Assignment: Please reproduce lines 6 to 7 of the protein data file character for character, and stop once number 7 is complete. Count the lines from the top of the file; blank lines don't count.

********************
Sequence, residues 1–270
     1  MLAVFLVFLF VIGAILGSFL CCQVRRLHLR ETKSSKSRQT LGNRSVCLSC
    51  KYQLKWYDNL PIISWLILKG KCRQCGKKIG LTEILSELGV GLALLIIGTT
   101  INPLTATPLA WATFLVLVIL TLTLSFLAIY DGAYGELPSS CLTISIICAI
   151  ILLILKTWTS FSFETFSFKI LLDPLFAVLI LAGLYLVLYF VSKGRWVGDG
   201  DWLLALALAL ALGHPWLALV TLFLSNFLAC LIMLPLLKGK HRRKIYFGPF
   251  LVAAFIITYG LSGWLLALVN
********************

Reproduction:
   201  DWLLALALAL ALGHPWLALV TLFLSNFLAC LIMLPLLKGK HRRKIYFGPF
   251  LVAAFIITYG LSGWLLALVN